Registration Dossier

Administrative data

Description of key information

In rodents, repeated exposure to fluoride salts, such as sodium fluoride, causes alteration of teeth at daily doses of 4 mg NaF/kg bw/day or greater.  Higher repeated doses of 10 and 25 mg NaF/kg bw/day increase dental effects as well as cause toxic effects in bone and the stomach.  The severity of the toxic effects is related to increasing dose and duration of exposure.  In a life-time chronic exposure study in the rats, an extremely high concentration of 175 ppm sodium fluoride in drinking water was associated with an increased incidence of osteosclerosis in female rats and equivocal evidence of osteosarcoma in male rats. 

Key value for chemical safety assessment

Repeated dose toxicity: via oral route - systemic effects

Link to relevant study records
Reference
Endpoint:
repeated dose toxicity: oral
Remarks:
combined repeated dose and carcinogenicity
Type of information:
experimental study
Adequacy of study:
key study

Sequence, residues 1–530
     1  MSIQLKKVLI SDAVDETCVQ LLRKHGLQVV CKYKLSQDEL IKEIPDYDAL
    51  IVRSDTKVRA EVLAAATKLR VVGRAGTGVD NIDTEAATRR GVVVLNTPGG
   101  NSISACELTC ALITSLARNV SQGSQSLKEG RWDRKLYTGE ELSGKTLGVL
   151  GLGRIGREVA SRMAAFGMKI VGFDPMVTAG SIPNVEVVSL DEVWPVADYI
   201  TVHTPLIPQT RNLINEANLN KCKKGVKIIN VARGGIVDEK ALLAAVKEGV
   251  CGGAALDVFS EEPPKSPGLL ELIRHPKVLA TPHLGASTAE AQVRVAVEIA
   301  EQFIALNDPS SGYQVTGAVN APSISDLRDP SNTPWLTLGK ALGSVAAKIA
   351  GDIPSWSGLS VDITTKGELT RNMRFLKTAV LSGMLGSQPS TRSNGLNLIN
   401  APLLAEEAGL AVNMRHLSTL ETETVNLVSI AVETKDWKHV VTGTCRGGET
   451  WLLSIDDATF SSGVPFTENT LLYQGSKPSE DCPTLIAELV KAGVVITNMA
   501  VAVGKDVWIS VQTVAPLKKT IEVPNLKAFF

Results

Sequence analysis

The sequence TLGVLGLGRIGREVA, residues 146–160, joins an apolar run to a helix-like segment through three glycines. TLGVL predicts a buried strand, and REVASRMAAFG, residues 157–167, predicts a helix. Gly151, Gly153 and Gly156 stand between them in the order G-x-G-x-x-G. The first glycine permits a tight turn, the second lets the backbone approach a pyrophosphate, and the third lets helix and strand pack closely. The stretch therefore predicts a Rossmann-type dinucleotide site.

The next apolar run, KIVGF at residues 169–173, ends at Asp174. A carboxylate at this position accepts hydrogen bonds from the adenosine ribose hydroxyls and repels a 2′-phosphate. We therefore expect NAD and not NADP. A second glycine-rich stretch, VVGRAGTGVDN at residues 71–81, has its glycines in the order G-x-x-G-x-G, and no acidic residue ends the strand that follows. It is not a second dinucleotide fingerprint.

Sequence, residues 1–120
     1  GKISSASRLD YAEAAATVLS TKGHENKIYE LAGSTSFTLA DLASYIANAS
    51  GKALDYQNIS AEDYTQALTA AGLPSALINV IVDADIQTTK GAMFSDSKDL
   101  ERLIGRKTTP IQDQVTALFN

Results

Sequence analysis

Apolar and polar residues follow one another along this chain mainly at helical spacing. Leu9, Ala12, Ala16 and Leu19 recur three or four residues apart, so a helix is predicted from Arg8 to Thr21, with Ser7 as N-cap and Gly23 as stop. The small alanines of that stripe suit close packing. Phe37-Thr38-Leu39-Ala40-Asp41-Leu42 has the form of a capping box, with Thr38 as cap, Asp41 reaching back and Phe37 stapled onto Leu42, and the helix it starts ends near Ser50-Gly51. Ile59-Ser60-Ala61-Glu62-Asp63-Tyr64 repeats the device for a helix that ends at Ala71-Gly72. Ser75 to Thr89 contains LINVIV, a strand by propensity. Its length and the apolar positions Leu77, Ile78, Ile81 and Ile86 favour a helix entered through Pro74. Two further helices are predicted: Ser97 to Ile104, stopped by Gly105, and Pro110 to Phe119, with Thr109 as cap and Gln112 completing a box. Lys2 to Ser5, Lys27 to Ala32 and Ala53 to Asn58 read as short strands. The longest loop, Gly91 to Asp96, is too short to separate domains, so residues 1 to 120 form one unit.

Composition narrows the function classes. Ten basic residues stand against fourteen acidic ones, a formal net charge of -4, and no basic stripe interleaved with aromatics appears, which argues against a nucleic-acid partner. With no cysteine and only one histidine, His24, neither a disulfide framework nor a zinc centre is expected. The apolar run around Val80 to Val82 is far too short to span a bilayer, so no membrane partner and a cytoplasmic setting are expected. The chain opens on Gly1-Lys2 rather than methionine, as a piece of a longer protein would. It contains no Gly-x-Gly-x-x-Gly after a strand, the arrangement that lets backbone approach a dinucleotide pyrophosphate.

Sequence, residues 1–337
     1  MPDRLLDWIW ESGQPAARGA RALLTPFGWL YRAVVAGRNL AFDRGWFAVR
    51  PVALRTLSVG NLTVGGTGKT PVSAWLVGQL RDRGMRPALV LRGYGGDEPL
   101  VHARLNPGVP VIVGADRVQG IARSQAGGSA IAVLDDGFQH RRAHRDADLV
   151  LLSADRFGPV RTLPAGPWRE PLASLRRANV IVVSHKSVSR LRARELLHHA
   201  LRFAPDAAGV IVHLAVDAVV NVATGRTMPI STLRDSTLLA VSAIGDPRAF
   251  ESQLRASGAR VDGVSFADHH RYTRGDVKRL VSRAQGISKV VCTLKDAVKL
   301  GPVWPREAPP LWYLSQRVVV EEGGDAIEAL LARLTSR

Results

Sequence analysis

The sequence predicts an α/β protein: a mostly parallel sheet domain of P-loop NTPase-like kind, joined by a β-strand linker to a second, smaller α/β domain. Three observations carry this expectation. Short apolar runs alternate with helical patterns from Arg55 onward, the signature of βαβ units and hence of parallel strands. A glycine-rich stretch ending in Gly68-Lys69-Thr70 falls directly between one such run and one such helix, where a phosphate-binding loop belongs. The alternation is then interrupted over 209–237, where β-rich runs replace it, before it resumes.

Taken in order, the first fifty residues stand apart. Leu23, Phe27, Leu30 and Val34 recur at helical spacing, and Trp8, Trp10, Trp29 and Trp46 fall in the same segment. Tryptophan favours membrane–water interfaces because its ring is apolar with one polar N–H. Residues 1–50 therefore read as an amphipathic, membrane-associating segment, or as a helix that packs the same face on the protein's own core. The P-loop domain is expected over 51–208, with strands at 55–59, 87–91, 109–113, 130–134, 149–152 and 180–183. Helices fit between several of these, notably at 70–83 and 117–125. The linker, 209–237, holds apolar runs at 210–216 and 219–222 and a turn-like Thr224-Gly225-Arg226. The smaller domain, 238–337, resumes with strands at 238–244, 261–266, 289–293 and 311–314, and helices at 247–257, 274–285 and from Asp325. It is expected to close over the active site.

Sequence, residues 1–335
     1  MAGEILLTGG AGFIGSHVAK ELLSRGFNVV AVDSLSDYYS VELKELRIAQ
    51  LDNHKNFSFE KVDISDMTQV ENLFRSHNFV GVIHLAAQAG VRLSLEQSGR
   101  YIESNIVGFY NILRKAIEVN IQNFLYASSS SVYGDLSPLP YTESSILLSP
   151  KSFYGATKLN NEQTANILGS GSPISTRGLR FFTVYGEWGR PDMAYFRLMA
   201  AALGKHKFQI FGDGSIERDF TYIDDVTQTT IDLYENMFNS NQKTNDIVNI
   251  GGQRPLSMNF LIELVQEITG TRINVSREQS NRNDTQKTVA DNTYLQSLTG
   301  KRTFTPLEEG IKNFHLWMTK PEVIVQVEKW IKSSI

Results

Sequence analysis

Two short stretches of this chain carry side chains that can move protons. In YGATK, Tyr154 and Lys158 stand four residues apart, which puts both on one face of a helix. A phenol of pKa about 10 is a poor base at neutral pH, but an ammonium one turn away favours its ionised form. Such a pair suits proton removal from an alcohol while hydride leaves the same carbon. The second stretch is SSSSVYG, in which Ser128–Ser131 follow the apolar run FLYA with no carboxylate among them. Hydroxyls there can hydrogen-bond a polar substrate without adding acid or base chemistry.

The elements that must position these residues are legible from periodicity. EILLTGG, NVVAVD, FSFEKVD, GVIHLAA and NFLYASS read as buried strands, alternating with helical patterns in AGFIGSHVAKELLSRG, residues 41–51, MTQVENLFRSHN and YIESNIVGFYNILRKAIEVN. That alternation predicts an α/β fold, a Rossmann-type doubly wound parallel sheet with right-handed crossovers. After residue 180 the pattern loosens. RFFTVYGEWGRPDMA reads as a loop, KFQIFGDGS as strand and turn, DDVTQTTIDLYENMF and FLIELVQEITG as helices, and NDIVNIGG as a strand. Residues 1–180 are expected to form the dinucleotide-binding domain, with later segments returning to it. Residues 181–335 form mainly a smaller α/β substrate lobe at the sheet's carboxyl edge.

Reliability:
1 (reliable without restriction)
Rationale for reliability incl. deficiencies:
other: The study was conducted according to generally valid procedures and according to GLP guidelines. All parameters described are closely related or comparable to guideline methods.
Qualifier:
equivalent or similar to
Guideline:
other: EPA OPP 83-5 (Combined Chronic Toxicity / Carcinogenicity)
GLP compliance:
yes
Limit test:
yes
Species:
rat
Strain:
Sprague-Dawley
Sex:
male/female
Details on test animals and environmental conditions:
TEST ANIMALS
- Source: Charles River, Inc., Wilmington, MA
- Age at study initiation: 6 weeks
- Weight at study initiation: males, ~175 g; females ~ 150 g
- Housing: individually housed in stainless steel cages with screen bottoms
- Diet (e.g. ad libitum): either Purina Certified Rodent Chow (laboratory chow) or a specially formulated low-fluoride control diet